I bought my ticket early in the year and long before COVID-19 became a global pandemic, so on a sunny day in August I found myself in my car with my friend Dani from FizzPop hackerspace in Birmingham taking the ferry for the long drive through the Netherlands and Germany to Denmark.
Continue reading “Running A Successful Hacker Camp In A Pandemic: BornHack 2020”
Every hacker gathering needs as many pixels as its hackers can get their hands on. Get a group together and you’ll be blinded by the amount of light on display. (We propose “a blinkenlights” as the taxonomic name for such a group.) At a large gathering, what better way to show of your elite hacking ability than a “competition” over who can paint an LED canvas the best? Enter Pixelflut, the multiplayer drawing canvas.
Pixelflut has been around since at least 2012, but it came to this author’s attention after editor [Jenny List] noted it in her review of SHA 2017. What was that beguiling display behind the central bar? It turns out it was a display driven by a server running Pixelflut. A Pixelflut server exposes a display which can be drawn on by sending commands over the network in an extremely simple protocol. There are just four ASCII commands supported by every server — essentially get pixel, set pixel, screen size, and help — so implementing either a client or server is a snap, and that’s sort of the point.
While the original implementations appear to be written by [defnull] at the link at the top, in some sense Pixelflut is more of a common protocol than an implementation. In a sense, one “plays” one of a variety of Pixelflut minigames. When there is a display in a shared space the game is who can control the most area by drawing the fastest, either by being clever or by consuming as much bandwidth as possible.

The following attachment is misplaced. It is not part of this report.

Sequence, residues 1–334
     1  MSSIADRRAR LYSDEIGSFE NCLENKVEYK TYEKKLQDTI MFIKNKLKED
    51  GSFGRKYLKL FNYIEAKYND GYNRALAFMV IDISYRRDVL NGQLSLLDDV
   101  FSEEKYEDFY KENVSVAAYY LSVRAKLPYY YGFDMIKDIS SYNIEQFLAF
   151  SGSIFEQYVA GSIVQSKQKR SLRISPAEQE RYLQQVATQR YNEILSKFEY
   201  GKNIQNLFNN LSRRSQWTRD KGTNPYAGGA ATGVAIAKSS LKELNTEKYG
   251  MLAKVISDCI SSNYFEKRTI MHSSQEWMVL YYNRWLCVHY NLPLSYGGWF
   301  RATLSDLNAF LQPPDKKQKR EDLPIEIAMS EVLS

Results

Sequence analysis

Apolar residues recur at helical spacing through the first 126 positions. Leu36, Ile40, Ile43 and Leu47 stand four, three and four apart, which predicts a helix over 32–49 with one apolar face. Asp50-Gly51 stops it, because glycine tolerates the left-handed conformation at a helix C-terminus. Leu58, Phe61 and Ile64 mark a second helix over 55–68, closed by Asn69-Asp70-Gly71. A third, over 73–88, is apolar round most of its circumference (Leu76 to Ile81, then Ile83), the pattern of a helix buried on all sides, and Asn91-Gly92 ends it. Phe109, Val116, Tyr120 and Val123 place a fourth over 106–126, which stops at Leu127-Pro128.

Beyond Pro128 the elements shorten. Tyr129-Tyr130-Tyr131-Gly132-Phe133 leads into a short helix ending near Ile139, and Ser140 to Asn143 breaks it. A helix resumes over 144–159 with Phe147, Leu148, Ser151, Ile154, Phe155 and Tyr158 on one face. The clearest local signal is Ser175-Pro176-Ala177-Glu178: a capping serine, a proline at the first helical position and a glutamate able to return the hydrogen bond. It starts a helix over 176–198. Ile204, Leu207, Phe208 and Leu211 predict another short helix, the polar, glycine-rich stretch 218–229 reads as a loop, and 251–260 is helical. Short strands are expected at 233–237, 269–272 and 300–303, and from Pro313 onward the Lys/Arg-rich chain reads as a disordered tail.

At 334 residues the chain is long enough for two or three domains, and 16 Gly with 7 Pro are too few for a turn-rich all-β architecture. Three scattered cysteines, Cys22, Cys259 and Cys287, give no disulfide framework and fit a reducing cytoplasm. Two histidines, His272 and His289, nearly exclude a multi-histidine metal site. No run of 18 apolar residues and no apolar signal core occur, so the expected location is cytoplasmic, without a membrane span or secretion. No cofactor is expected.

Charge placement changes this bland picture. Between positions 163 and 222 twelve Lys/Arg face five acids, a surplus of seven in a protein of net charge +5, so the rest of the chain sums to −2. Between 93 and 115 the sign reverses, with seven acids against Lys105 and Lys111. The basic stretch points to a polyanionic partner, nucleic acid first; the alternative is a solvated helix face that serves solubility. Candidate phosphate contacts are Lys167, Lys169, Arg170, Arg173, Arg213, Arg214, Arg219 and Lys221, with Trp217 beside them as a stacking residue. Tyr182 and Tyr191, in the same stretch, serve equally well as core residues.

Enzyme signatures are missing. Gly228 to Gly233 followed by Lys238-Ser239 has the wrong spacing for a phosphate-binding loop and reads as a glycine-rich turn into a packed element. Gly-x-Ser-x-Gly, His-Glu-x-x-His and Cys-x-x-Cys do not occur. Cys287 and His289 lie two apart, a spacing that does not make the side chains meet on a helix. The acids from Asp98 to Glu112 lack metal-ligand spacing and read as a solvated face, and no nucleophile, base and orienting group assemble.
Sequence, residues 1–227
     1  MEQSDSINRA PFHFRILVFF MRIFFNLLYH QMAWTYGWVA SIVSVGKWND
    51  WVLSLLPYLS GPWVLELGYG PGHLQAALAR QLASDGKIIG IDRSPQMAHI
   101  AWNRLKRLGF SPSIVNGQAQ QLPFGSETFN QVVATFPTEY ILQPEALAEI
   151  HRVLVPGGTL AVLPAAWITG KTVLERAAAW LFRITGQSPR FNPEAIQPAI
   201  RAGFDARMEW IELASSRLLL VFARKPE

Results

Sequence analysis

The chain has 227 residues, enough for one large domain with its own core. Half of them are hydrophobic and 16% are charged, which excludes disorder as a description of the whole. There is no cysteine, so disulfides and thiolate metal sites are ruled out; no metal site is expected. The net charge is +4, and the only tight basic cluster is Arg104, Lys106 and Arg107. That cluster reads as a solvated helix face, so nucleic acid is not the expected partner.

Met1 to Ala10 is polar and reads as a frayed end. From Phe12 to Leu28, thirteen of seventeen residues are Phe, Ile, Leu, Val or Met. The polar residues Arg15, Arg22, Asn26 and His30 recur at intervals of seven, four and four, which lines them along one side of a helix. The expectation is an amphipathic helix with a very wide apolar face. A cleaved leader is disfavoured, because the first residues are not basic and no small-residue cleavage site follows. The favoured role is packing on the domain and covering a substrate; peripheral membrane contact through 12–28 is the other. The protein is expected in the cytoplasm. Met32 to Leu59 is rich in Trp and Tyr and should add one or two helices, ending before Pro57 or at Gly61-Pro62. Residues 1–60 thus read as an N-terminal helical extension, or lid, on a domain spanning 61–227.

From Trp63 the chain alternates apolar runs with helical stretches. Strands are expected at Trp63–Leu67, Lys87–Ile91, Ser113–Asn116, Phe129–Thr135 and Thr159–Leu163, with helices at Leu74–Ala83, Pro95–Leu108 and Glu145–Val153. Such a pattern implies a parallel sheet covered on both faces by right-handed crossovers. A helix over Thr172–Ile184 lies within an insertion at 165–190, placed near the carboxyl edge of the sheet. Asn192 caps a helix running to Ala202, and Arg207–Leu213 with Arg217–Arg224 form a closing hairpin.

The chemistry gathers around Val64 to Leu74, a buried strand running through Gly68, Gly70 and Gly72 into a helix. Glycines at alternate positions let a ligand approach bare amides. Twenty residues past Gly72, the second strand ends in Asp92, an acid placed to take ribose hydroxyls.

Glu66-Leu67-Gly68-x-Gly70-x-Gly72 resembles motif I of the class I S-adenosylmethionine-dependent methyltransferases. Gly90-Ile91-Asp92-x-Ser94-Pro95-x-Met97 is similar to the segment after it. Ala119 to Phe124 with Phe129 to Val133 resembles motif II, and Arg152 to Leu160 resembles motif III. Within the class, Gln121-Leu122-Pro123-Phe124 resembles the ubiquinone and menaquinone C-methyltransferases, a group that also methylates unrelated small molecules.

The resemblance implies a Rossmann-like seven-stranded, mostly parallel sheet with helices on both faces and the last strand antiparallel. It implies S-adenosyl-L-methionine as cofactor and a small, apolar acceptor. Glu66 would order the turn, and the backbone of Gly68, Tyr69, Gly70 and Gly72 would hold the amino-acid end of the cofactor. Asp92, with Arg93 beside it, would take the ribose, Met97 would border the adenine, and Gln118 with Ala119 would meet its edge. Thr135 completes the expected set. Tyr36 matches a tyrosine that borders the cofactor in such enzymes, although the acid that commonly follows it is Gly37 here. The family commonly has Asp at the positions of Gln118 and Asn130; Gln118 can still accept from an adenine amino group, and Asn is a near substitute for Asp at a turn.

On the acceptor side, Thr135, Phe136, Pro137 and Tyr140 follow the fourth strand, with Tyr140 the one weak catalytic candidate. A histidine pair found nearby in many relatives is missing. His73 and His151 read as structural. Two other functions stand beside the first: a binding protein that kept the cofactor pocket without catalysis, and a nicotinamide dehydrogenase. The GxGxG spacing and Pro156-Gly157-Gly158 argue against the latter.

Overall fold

Then there is the game of who can write the fastest more battle-hardened server possible in order to handle all that traffic without collapsing. To give a sense of scale, one installation at 36c3 reported that a truly gargantuan 0.5 petabytes of data were spent at a peak of rate of more than 30 gigabits/second, just painting pixels! That’s bound to bog down all but the most lithe server implementation. (“Flut” is “flood” in German.)
While hacker camps may be on pause for the foreseeable future, writing a performant Pixelflut client or server seems like an excellent way to sharpen one’s skills while we wait for their return. For a video example check out the embed after the break. Have a favorite implementation? Tell us about it in the comments!
Continue reading “Playing The Pixelflut”